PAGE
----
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There are some units that can do this, but if you are trying to copy commercially recorded VHS movies to DVD you will have issues. The VHS tapes have copy protection on them and all manufactured hardware to record these have been required by law to support the protection. Thus, you will get poor copy reproduction when copying. If they are home-movie style VHS tapes, no such issues exist. You can either get a unit that has both devices integrated and has copy capability, or you can you a VHS player and send the outputs to a DVD recorder.
You don't state the manufacturer or model number in your question, thus we cannot answer. I will say that many do, but there is a caveat. If the the VHS tape is a commercially made movie, chances are it has copy protection on it. Most machines will sense this copy protection and will refuse to copy the protected VHS tape to DVD. This was done to prevent piracy. Home recorded tapes and non-protected tapes will usually work ok. Do not confuse write protection with copy protection however. Write protection is merely the tab on the tape that prevents re-recording of the tape. Copy protection is recorded right onto the tape itself and is read by the machine during playback.
If the DVD drive is a recorder, yes. If it is a player only, no. If the tape is copy-protected, recording to a DVD recorder is not possible. Assuming the tapes are not copy-protected, and you are using a DVD recorder with the correct format DVDs (DVD-R for example), you shouldn't have any problems transferring old VHS tapes to DVD.
What are the tapes that you are trying to copy? are there genuine copies of films? YES THEY COULD BE COPY PROTECTED how they do that? simple they record the tape with the most minimum srength of signal, if you try to copy it you lose signal strength trough the copy process than the video looks a bit scrambled/discoloured and the sound is bad, if it's the case you could buy a video signal booster (if still available in stores) than you have to copy with a VCR that is separated from the DVD recorder so that you can install the booster from the output of the VCR to the input of the DVD recorder.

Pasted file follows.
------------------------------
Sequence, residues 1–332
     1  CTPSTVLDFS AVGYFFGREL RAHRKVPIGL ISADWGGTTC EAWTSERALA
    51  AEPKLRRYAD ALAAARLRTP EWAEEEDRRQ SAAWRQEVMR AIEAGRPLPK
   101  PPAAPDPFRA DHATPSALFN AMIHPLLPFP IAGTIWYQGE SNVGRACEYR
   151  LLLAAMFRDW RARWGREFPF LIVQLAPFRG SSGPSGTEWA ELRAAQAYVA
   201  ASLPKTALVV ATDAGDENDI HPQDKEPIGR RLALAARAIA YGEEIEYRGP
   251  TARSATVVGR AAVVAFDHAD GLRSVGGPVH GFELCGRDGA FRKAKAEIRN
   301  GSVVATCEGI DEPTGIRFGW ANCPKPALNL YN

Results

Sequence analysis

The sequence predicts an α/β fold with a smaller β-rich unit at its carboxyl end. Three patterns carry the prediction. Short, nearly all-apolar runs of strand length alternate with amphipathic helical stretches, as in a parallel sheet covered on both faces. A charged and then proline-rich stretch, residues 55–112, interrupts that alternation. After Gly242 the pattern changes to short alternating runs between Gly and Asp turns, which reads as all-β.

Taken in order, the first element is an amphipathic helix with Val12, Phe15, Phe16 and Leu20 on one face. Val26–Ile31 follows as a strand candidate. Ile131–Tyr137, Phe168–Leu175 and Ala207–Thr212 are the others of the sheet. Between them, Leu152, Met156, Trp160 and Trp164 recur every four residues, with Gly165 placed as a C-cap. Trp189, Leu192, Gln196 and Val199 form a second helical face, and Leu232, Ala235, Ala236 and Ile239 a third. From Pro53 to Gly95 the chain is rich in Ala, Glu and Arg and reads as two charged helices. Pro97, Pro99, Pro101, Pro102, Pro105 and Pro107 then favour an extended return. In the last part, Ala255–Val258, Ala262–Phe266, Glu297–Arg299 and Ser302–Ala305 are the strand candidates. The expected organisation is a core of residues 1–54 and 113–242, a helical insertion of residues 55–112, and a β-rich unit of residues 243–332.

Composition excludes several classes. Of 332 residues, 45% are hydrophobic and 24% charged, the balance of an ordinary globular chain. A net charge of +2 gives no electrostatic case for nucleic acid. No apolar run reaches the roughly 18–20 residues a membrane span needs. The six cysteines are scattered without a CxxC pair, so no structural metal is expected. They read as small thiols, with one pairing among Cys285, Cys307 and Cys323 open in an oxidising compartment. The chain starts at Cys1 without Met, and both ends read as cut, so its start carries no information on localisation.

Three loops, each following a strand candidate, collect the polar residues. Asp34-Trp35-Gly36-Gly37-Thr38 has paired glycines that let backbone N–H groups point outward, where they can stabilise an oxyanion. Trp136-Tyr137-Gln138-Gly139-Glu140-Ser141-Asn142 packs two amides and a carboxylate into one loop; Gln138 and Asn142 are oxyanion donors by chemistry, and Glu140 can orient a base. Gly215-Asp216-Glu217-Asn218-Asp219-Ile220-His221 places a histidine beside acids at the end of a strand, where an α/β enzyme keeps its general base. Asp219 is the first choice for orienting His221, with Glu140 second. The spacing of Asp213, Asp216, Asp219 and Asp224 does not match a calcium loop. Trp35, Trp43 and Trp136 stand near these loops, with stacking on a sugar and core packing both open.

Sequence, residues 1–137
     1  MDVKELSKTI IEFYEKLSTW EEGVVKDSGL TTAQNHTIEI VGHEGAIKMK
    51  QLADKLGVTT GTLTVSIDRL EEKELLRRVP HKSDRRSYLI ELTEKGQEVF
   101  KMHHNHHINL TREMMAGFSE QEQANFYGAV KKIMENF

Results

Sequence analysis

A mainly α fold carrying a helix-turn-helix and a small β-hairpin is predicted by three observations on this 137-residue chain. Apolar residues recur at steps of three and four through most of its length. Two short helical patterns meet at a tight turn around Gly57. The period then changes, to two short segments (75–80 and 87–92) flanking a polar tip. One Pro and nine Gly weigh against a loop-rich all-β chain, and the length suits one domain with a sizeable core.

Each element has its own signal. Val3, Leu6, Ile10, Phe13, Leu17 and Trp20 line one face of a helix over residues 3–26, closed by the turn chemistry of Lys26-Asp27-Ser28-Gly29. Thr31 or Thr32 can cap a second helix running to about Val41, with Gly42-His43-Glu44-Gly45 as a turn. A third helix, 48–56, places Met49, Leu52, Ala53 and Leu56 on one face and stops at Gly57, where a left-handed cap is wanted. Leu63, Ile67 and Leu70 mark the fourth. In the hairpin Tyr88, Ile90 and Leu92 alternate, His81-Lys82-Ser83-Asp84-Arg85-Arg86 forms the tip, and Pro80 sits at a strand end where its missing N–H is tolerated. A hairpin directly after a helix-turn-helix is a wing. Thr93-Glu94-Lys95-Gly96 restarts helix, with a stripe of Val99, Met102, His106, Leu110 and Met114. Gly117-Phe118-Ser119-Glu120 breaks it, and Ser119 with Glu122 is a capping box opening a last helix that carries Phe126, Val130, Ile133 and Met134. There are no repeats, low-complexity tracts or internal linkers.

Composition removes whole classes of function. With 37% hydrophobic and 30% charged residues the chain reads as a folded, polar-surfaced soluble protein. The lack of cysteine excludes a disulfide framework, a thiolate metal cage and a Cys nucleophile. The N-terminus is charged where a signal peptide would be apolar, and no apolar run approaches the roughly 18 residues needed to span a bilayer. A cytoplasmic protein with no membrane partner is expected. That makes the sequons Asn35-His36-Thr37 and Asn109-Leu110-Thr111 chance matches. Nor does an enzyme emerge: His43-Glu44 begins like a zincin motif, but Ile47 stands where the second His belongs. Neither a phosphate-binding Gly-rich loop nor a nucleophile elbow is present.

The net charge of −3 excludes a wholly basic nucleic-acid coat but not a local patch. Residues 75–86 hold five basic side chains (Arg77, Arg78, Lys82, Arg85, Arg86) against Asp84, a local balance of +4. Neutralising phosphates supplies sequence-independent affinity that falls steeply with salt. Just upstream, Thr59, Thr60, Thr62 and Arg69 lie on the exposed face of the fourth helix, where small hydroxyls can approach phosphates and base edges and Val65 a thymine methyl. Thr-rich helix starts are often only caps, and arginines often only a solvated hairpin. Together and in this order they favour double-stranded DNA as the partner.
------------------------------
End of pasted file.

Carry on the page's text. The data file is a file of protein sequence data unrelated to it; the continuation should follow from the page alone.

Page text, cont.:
Is this a new problem or has it always been like this? The unit will throw that error message if there's a copy protection flag on the broadcast source.
To make matters worse, there are three flags a broadcaster can set. Copy Always, Copy Once, and Copy Never.
Copy Always and Copy Never are pretty self-explanatory but the Copy Once flag with this unit only works with certain media, namely DVD-RAM and DVD-RW in VR mode with CPRM (Content Protection for Recordable Media.
Copy Always flag should work with all media. I don't know of any easy way to figure out which broadcasts have which flag but try changing your media and recording mode first.
P.S. You may also want to reset to factory default settings by pressing FF and RW together on the player. Also make sure you're running the latest firmware.
The name of the GoVideo DVR4200 is a bit misleading. It is NOT a "DVR". It will only record DVD ->VCR and any "protected" DVD will not record. There are some hacks out there for this unit but be careful because some of them have been known to kill the DVD player.
The 4200 has been out for quite some time as I had bought one for a family member some years ago.
You say "home made" - not sure what you mean by that.
If it was a copy of something that was originally retail, it's possible the Macrovision encoding copied over with it - in which case your DVD recorder is working as it's supposed to to prevent illegal copying of disks.
I'm a bit wary of getting into this in any depth, as it treads the lines of legality. If I found a way for you to bypass this copy protection, it would allow you to pirate movies freely. I'm not going to discuss my own feelings on that, but I will say that I'm not going to support such actions on a public forum.
That being said, if for some reason your totally legitimate home made tape managed to get something that's being interpreted as Macrovision coding on it, you may want to do a google search for digital video stabilizer. That will point you in the right direction.